It was a bad week. I accidentally forgot to click a box when leaving a comment on a blog, or I think that’s when the problem began.

Suddenly I had an annoying pop-up that said something I did not understand, which left me vulnerable. I would normally go to certain people for help when this happens, but it was a bad week and I did not want to bother them. Instead, I did what I often do with problems having to do with technology. First, I ignored it and hoped it would just go away on its own.

It seemed to, but within a day the problem returned, whenever I would try to search the Web.

I gave in, on a week night and called the number that kept popping up. I couldn’t just wait until the daytime to call a computer store. I didn’t take the necessary procautions, even looking things up, to learn if I was doing the right thing.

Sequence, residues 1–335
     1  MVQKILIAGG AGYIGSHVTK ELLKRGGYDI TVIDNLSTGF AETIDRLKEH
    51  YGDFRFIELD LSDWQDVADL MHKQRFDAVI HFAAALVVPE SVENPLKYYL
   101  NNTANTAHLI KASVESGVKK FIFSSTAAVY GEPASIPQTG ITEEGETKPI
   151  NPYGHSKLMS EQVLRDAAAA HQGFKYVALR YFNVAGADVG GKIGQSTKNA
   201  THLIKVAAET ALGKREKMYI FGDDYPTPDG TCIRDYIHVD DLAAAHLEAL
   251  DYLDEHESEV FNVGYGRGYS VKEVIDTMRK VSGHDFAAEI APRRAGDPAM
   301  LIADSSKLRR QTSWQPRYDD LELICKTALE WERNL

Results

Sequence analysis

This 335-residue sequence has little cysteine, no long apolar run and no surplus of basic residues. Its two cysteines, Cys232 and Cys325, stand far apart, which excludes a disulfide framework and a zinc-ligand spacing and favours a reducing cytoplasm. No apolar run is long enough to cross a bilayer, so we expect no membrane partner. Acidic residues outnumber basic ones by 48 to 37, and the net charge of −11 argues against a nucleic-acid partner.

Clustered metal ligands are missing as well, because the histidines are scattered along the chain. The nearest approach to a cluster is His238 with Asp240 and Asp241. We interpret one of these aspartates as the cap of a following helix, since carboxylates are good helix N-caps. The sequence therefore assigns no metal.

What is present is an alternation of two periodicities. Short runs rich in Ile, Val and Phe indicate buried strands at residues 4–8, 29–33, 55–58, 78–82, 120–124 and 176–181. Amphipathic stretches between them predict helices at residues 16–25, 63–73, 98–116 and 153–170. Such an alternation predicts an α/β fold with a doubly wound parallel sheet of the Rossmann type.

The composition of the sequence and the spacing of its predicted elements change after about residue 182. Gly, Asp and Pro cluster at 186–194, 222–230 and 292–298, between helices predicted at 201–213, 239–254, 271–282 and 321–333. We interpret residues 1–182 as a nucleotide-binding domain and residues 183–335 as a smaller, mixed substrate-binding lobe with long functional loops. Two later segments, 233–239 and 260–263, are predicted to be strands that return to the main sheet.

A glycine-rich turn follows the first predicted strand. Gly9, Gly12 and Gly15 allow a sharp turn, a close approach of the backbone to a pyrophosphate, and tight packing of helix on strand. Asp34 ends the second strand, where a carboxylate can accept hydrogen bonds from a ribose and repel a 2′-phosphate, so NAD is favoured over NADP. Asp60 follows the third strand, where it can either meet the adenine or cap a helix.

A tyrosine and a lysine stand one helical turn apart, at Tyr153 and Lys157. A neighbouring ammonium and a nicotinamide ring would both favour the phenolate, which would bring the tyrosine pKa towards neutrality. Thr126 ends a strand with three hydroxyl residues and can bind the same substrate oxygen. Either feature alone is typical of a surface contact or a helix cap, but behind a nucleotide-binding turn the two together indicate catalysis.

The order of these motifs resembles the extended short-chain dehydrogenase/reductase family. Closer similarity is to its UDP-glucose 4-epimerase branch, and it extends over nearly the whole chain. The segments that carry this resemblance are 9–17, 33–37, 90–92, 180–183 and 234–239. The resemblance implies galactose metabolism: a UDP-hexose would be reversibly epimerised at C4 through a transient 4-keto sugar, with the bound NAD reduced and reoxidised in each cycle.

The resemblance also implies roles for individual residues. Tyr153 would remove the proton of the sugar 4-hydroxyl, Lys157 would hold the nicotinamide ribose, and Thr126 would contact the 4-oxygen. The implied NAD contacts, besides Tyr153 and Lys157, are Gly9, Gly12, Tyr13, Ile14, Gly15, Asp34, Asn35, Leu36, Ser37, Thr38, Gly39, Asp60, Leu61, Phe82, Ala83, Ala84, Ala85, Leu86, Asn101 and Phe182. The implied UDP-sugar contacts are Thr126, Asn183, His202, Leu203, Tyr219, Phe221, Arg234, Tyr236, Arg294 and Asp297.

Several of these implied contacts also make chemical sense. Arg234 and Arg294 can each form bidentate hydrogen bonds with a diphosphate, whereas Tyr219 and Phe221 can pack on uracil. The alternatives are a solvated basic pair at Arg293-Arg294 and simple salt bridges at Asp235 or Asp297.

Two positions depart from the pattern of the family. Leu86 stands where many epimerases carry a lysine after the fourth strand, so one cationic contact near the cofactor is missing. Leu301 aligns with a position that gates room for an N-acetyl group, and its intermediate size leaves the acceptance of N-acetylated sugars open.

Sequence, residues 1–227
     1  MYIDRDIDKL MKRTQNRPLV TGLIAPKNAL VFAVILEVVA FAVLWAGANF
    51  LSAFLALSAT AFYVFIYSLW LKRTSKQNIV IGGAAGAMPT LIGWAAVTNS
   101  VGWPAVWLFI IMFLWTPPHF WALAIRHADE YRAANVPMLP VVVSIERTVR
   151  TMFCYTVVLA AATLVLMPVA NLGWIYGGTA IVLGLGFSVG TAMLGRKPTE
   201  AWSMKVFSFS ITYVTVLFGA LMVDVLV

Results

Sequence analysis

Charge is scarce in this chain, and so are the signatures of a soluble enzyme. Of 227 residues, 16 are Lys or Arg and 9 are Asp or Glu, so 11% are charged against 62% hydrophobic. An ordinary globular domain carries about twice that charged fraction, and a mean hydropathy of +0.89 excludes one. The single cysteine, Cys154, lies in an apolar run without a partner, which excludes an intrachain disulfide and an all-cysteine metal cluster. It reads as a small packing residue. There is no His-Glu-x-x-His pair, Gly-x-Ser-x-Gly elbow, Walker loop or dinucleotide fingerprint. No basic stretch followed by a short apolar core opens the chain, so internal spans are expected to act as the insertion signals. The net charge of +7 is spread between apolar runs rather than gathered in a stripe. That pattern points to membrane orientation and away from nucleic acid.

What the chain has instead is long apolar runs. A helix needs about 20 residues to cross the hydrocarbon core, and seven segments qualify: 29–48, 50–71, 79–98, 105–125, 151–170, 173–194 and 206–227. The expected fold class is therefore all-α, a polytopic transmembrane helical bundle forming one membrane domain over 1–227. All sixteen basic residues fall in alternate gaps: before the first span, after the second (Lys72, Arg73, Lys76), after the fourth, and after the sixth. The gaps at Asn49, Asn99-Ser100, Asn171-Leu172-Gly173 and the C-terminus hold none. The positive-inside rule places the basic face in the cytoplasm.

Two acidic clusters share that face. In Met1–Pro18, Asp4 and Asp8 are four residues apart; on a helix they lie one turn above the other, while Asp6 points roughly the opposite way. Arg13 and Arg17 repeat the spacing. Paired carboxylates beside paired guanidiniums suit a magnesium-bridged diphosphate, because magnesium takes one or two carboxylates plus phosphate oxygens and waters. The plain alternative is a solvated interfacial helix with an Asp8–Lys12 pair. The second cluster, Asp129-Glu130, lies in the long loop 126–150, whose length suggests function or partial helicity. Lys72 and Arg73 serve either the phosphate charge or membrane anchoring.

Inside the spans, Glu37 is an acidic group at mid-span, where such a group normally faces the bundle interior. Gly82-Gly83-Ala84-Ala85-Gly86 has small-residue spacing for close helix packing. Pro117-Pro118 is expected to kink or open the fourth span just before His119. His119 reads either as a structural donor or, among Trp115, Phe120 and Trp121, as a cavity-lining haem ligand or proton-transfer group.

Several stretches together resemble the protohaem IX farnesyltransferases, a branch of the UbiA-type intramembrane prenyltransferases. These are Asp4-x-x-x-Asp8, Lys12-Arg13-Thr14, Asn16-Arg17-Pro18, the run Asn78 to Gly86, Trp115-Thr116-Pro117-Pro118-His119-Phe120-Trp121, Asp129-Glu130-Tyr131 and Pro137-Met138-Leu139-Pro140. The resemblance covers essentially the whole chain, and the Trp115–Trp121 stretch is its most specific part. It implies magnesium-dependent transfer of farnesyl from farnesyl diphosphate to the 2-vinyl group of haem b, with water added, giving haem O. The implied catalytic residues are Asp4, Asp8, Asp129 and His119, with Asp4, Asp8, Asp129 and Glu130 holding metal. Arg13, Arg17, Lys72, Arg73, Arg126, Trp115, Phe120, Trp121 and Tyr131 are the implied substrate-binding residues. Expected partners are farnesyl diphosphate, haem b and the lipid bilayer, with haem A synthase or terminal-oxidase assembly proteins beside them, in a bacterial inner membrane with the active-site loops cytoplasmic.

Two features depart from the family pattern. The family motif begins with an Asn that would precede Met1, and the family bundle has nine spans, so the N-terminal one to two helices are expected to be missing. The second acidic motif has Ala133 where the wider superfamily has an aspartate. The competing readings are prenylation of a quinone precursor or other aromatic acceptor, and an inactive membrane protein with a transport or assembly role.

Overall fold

Technology routinely throws me off my game. I know little about how it functions. Over the years I have done my best to learn what I could, but when faced with any situation I don’t understand, I tend to get flustered. If I don’t have anyone a little more logical and knowledgeable about these matters, I can make mistakes, and that is what happened.

As much as I am angry at the phone scammers who tried to mess up my system and take my money for nothing, I’m just as upset with myself for letting it happen.

I felt taken advantage of and invaded. My laptop felt contaminated. I liken it to being robbed. When so much of what you have is contained in a laptop, where you go to express yourself, it can feel like a great breach when that is messed with.

I had no other choice. I had to contact someone who knew what to do and who could work fast, under pressure. I swore to myself I wouldn’t ever contact this person who was no longer a part of my life. I didn’t want to bother him, interrupt whatever kind of life he now had, any time I had a computer question.